Five Central Oregon museums worth checking out

Five Central Oregon museums worth checking out

Today May 18th is International Museum Day, a day aimed to raise awareness about museums as an important avenue to learn more about other cultures. BendBroadband, a TDS company, is dedicated to building a diverse and inclusive culture and recognizes the importance of museums in achieving these overarching goals.

Here are five museums worth visiting in the BendBroadband communities throughout Central Oregon.

A.R. Bowman Museum, Prineville
The A.R. Bowman Museum, ran by the Crook County Historical Society since 1971, highlights the history of Central Oregon. Its collection includes an array of pioneer artifacts, a popular railroad exhibit, ranching and timber industry displays, old furniture, garments, and historic photographs of the area. In addition to hosting students and visitors, the museum publishes books and field guides, presents a lecture series, conducts historical field trips, and virtually shares its collection with other museums and libraries throughout the world.

The museum is named after Arthur Ray Bowman, a Prineville businessman and civic leader who donated the Crook County Bank building to the historical society to use as the museum site in 1971.

Deschutes Historical Museum, Bend
The National Historic Site of Reid School was built in 1914 and designed by Sweatt, Levesque and Co., Spokane. The school was Bend’s first modern school building and serves today as the Museum for the Deschutes County Historical Society.

The museum features exhibits, artifacts, and antiques that help explain topics like Deschutes County prehistory, the area’s Native American tribal history, early exploration and fur trapping, settling the high desert, logging and U.S. Forest Service history, and life throughout the county.

For just $5, support the Deschutes County Historical Society by streaming the museum’s new documentary—Let There Be Light: A History of Bend’s Water Pageant. The film focuses on a floating 4th of July parade on Mirror Pond that drew thousands of people to Drake Park in downtown Bend from 1933 to 1965.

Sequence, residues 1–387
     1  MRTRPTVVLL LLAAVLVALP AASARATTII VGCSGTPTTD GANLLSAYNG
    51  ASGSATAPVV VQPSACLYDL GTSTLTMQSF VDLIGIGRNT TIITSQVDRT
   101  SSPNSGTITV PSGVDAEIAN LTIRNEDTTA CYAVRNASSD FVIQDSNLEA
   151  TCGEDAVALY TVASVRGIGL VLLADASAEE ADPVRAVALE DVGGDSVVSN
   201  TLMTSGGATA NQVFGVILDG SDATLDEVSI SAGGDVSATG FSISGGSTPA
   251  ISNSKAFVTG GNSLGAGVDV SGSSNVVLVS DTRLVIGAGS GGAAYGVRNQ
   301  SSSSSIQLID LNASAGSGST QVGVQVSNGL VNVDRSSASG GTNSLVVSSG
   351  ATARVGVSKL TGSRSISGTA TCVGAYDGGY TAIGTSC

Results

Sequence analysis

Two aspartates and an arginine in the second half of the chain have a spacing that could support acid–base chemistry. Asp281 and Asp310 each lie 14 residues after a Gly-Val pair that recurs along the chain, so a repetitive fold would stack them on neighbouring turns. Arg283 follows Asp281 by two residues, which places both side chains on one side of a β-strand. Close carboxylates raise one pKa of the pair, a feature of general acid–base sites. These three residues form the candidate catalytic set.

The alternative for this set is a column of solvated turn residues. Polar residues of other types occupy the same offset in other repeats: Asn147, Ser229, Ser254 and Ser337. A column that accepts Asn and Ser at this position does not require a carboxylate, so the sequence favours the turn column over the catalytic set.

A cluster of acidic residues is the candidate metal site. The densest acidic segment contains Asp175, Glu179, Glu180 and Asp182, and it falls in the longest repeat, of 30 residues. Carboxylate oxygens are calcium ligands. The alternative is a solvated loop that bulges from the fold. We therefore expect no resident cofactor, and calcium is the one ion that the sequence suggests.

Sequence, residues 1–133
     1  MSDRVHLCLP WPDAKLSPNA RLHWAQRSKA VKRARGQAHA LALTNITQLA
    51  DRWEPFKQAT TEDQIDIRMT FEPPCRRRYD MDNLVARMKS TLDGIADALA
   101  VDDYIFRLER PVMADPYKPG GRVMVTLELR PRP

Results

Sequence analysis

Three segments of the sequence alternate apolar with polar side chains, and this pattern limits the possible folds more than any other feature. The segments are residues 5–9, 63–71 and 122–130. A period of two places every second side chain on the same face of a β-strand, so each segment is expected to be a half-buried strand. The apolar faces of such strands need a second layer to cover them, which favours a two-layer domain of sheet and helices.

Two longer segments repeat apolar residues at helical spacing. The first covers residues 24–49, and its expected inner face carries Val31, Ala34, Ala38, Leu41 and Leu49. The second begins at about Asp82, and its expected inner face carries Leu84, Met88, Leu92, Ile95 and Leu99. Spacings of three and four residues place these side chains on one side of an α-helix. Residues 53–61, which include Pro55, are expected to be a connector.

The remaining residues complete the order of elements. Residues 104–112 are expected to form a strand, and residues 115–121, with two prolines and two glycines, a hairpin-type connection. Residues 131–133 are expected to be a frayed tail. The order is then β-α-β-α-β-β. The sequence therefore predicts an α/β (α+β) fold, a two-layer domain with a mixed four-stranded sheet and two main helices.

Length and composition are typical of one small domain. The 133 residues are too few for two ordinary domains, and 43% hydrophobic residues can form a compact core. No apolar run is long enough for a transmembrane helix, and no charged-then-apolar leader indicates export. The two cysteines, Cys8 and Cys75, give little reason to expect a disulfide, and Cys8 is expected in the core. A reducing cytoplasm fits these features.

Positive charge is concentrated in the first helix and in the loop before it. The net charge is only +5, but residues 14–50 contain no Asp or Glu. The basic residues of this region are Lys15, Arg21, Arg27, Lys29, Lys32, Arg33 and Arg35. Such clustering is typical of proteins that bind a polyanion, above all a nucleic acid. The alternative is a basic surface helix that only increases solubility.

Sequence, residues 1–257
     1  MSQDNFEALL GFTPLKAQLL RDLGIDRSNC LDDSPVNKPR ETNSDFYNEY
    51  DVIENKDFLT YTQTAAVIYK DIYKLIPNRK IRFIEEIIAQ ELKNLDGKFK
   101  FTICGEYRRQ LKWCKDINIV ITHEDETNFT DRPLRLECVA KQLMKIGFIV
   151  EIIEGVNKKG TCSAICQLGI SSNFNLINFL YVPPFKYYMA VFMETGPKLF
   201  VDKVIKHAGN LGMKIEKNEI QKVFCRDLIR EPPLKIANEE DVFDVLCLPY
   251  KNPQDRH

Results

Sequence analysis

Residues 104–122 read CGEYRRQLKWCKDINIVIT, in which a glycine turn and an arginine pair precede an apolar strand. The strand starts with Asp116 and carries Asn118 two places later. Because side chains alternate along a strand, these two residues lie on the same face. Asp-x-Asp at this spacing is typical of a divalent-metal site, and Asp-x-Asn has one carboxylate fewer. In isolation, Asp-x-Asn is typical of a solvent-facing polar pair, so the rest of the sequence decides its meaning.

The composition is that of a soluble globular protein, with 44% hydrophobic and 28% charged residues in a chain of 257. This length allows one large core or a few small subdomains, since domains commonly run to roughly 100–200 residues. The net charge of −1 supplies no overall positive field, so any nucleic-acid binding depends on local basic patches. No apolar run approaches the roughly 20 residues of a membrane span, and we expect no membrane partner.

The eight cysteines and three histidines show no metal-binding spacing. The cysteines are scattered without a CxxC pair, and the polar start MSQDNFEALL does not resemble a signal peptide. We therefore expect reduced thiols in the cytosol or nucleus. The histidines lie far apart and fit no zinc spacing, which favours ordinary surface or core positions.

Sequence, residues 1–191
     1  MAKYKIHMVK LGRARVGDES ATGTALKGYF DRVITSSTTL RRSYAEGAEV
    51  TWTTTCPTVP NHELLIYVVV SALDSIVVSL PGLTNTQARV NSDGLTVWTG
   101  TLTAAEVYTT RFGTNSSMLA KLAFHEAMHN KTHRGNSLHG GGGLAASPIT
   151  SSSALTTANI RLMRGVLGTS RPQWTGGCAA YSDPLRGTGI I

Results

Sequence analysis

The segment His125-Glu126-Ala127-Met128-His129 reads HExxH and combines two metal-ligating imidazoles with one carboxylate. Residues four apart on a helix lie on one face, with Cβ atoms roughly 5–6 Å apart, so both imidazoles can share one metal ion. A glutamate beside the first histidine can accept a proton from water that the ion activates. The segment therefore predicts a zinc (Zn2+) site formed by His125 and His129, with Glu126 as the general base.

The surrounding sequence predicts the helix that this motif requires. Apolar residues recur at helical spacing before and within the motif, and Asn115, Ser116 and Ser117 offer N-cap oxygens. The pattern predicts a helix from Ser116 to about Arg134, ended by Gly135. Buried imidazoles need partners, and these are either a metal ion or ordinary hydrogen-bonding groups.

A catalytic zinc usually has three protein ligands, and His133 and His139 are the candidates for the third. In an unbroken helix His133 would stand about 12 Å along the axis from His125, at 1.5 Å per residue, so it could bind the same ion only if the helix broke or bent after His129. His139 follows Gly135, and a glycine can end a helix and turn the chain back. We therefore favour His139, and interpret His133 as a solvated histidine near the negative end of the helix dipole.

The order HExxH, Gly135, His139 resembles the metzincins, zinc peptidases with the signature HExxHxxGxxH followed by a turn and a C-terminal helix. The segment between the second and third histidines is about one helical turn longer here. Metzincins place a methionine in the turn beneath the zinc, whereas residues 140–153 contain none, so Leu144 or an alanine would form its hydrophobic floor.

Erickson Aircraft Collection, Madras
Jack Axel Erickson, the founder of Portland-based aviation company Erickson Inc., was born in Portland in 1935. His vintage aircraft collection, now located in Madras, is complete with over 20 rare models still in flying condition. Some of these vintage crafts include the P-38 Lightning, P-51 Mustang, Ki43 Hayabusa, F4U Corsair, SBD Dauntless, Grumman Duck, and Curtiss P-40E Kittyhawk.

It is recognized as one of the top privately-owned aircraft collections in the world.

High Desert Museum, Bend
The Oregon high desert is a region located east of the Cascade Range and South of the Blue Mountains. The High Desert Museum (HDM) rests on a 135-acre campus with over 100,000 square feet of beautiful exhibit space with galleries, long interpretative paths, and an expansive forest. The goal of the HDM is to share the stories and histories of the High Desert’s inhabitants through its combination of permanent and ever-changing exhibits, which simultaneously blend the natural world and cultural history of the area. The exhibits also show the ways people relied on the High Desert’s natural resources, thus shaping the region over time. The museum never gets stale, as roughly 12 exhibits are added each year.

On April 8, the federal institute of Museum and Library Services announced the HDM as one of 30 finalists for the 2021 National Medal—an award considered the nation’s highest honor for museums and libraries. For more than 25 years, the award has recognized institutions that demonstrate excellence in service to their communities. The nonprofit supports the Bend community in countless ways, highlighted by the countless education opportunities it provides to local youth.

Petersen Rock Garden & Museum, Redmond
Located between the cities of Redmond and Bend, the Petersen Rock Garden and its museum showcase the handiwork of Rasmus Petersen—a Danish immigrant who settled in Central Oregon in the early 20th century. When he settled in the 1930s, the Dane began constructing the garden with rocks he collected within an 85-mile radius of his family’s home—including agate, jasper, malachite, obsidian, petrified wood, thundereggs, and various other crystals, fossils, and gemstones.

Some of the projects Peterson constructed at this site, now found on the National Register of Historic Places, include detailed miniature castles, churches, bridges, water features, and other small buildings and structures. At the museum, explore rare geodes, agates, fossils, and more.

By Garrett Seymour, Brand Journalist






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